With unemployment declining, the local truck plant expanding and optimism on the rise, one industrial heartland region has become a microcosm of the reinvigorated America promised by Donald Trump.
Seen from Williamstown, 300 miles (500 kilometers) west of Washington, the political tumult since Trump's November 8, 2016 victory appears artificial to those who welcome his leadership as a break from business as usual.
The sleepy West Virginia town is in Wood County where 70 percent of voters celebrated the anti-establishment victory. A year later, they are pledging their loyalty to the Trump revolution, praising the billionaire businessman-turned-national-leader for already delivering on his declaration to reverse their declining fortunes.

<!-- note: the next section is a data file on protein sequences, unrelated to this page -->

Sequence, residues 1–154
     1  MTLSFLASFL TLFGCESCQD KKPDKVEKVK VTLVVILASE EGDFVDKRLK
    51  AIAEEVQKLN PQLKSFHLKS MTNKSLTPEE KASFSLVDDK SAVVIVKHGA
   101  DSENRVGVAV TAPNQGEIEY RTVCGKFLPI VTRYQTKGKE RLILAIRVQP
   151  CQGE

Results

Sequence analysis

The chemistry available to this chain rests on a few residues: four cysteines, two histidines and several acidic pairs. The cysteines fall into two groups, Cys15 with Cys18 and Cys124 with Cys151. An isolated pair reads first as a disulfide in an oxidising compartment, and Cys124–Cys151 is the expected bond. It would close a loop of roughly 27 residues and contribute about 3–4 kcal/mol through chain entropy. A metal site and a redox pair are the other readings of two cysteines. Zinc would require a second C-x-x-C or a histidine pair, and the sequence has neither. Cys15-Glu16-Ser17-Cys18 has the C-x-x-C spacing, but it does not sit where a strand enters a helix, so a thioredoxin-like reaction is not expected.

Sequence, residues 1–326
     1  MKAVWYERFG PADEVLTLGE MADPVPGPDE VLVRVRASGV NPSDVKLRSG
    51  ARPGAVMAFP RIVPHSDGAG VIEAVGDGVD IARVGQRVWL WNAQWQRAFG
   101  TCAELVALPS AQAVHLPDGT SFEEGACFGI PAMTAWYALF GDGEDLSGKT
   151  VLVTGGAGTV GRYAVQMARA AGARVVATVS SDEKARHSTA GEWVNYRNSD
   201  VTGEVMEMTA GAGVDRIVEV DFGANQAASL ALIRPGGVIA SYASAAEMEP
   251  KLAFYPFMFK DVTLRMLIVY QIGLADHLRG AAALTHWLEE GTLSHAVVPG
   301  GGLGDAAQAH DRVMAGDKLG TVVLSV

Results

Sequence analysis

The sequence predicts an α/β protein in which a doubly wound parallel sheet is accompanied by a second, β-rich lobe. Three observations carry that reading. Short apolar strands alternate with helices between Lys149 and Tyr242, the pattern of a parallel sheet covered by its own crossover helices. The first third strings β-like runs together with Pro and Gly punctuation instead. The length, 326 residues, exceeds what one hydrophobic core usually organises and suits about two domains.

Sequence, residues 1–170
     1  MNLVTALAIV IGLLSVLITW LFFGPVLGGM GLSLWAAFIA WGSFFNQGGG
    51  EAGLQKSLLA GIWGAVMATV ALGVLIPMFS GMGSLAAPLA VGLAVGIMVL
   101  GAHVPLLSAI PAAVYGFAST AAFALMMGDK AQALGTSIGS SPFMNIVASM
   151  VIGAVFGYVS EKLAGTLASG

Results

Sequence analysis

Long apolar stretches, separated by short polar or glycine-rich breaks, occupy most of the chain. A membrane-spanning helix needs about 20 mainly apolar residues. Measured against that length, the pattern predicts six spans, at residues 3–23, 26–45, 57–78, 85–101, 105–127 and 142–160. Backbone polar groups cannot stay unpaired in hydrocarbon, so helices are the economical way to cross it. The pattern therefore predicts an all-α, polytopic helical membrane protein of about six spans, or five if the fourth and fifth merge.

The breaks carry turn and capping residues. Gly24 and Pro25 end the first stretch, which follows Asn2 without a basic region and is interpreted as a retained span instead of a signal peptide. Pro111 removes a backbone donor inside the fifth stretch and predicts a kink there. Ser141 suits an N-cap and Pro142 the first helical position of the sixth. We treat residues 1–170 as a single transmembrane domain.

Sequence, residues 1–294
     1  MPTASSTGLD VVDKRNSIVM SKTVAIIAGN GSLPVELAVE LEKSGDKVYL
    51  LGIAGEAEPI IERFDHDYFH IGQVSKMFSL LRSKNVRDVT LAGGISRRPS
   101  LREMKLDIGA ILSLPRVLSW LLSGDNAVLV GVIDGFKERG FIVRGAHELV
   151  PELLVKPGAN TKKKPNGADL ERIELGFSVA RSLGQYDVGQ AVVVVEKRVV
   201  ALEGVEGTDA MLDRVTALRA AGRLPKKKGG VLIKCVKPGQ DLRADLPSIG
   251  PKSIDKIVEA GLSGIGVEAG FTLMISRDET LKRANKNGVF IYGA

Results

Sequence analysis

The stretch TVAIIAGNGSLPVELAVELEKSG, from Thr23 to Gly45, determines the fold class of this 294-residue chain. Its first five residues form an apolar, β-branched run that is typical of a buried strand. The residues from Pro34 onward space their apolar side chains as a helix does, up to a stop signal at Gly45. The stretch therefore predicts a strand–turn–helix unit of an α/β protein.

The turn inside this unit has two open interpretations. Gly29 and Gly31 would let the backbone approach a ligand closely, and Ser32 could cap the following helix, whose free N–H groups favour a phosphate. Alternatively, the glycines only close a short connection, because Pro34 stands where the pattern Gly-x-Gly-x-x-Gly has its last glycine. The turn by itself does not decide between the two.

In an elbow of the industrial Ohio River basin, barges are filled with freight. Factories lining nearby Route 7 belch smoke and steam. On the highways, trucks are loaded with sections of pipeline and water tanks used in the region's shale gas drilling.
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